Digital Edition

January 2 2023

Issue link:

Contents of this Issue


Page 32 of 131

Januar y 2, 2023 | Journal of Commerce 31 Maritime Asia–Europe spot rate slide puts pressure on contract pricing Asia–North Europe container freight rates in contracts of 30 days or less, contracts of 90 days or more, and long-term contracts signed in the last three months USD per FEU $10,000 $0 $10,000 $5,000 L L Jul Jan 2022 Apr Oct Oct Short-term rates Contract rates signed in last three months Contract rates Contract rates Dec 08, 2022: $7,840.1 Dec 0 Dec 0 Contract rates signed in last three months d in three months Dec 08, 2022: $6,812.4 Short-term rates Dec 08, 2022: $2,342.8 Dec, 2022 $3,030 Source: Xeneta © 2022 S&P Global to sail more slowly and some are scrapped entirely. A new normal: As energy prices soar through the first half and the cost-of- living crisis deepens across Europe, demand will remain subdued through 2023 as consumers tighten their belts. Importers will first need to offload excess inventory that has built up this year before replenishing stocks, and those replenishment volumes are likely to be smaller than usual to support softer seasonal demand. JOC email: twitter: @greg_knowler through planned December with- drawals. By the end of December, a total of 824,000 TEU in capacity will have been cut over the last four months of the year, according to data from Sea- Intelligence Maritime Analysis. To put that number into context, that is roughly equivalent to removing all available capacity on the trade for an entire month. As the eternal battle between supply and demand rages on, carriers are also bracing for the impact of new environmental regulations from the International Maritime Organization (IMO) that will come into effect in early 2023 and will likely absorb some excess tonnage as ships are forced A look back: A year ago, Asia–Europe spot rates were at record highs and capacity was so tight that carriers were charging space guarantee premiums that added thousands of dollars to the already elevated rates. Major hub ports in North Europe were suffering from chronic congestion, effectively cutting available capacity and resulting in shippers placing import orders earlier and in larger volumes. This cargo filled warehouses across Europe, so when the peak season arrived, the tradi - tional uptick in demand after the sum- mer in the run-up to China's Golden Week at the beginning of October was nowhere to be seen. Spot rates that peaked at $14,785 per FEU in the first week of January fell steadily through- out year, dipping below the long-term Asia–North Europe contract rate in August and ending 2022 at just $2,343 per FEU, according to data from rate benchmarking platform Xeneta. A look ahead: Deteriorating mar- ket conditions do not bode well for Asia–Europe volumes and spot rates that enter 2023 close to — or below — pre-pandemic levels. As congestion eases across North European ports, capacity is released into the market, and runaway inflation and a Europe- wide recession begin to constrain consumer goods demand, carriers will find themselves with an oversupply of tonnage. As rates fell through- out 2022, carrier CEOs unveiling extraordinarily positive quarterly results insisted they would aggres- sively match capacity with demand to preserve that profitability. This has resulted in a blank sailings program that's seen double-digit percentage cuts in available capacity on the Asia– North Europe trade from September About face European recession dragging down ocean freight demand, rates By Greg Knowler Flagging consumer spending will likely lead to a protracted drop in European import volumes. The big picture: Shippers on the Asia–Europe trade as 2023 begins find themselves in the exact opposite position they were in at the beginning of 2022, with container vessel capacity outstripping slowing demand and spot rates tumbling. But there is nothing positive behind the drivers of this "improved" shipping environment, as European economies fall into recession and consumers battle a worsening cost-of-living crisis. High inventory levels are proving difficult to pare down as consumer spending wanes, pointing to a drop in European import volumes at least through the first quarter of 2023. 2023 ANNUAL REVIEW & OUTLOOK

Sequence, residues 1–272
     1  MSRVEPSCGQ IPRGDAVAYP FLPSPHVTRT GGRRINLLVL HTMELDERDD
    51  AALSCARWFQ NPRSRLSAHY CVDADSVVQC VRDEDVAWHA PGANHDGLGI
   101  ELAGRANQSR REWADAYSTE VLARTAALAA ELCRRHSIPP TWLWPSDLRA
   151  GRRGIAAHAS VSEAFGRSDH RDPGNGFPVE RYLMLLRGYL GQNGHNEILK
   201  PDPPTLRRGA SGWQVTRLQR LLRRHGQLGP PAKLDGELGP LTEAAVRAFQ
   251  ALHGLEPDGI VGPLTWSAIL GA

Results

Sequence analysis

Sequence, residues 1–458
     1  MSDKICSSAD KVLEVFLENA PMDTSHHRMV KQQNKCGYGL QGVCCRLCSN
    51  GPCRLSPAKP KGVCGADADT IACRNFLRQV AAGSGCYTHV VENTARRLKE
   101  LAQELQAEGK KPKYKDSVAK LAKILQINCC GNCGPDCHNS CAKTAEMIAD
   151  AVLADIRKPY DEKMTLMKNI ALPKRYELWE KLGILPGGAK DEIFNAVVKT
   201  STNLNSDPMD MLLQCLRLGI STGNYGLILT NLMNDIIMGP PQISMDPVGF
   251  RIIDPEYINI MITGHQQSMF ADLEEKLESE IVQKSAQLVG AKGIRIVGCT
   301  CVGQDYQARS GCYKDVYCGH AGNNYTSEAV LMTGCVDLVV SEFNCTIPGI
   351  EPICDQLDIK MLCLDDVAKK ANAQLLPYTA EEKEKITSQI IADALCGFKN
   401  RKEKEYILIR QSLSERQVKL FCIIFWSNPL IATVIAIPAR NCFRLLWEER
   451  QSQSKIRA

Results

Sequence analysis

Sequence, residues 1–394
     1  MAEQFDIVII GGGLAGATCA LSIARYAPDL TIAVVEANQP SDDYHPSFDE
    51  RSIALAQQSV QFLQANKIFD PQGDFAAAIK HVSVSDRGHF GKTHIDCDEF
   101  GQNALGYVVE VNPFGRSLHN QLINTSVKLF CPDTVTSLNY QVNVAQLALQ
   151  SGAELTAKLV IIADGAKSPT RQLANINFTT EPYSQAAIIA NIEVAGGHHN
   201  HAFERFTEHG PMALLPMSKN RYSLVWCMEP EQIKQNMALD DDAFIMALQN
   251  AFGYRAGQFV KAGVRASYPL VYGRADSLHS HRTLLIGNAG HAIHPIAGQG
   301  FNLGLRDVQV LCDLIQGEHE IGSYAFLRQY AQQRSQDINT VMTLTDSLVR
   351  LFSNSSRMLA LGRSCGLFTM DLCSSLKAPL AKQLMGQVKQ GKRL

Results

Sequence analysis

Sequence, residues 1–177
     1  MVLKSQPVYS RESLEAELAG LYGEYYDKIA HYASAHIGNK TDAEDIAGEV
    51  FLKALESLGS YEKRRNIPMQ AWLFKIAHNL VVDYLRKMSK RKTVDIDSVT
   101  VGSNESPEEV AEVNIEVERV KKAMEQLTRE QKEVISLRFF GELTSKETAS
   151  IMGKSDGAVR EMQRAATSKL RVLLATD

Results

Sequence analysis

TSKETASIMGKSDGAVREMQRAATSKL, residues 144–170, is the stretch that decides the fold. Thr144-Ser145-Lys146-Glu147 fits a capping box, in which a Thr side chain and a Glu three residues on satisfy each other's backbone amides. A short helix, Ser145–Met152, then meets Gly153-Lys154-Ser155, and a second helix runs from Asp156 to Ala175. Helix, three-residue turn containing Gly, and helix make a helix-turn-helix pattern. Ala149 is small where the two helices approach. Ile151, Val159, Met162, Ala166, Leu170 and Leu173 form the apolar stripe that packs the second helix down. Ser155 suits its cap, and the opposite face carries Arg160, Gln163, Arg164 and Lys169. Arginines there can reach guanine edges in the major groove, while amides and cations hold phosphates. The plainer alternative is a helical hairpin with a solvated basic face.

Articles in this issue

Links on this page

Archives of this issue

view archives of Digital Edition - January 2 2023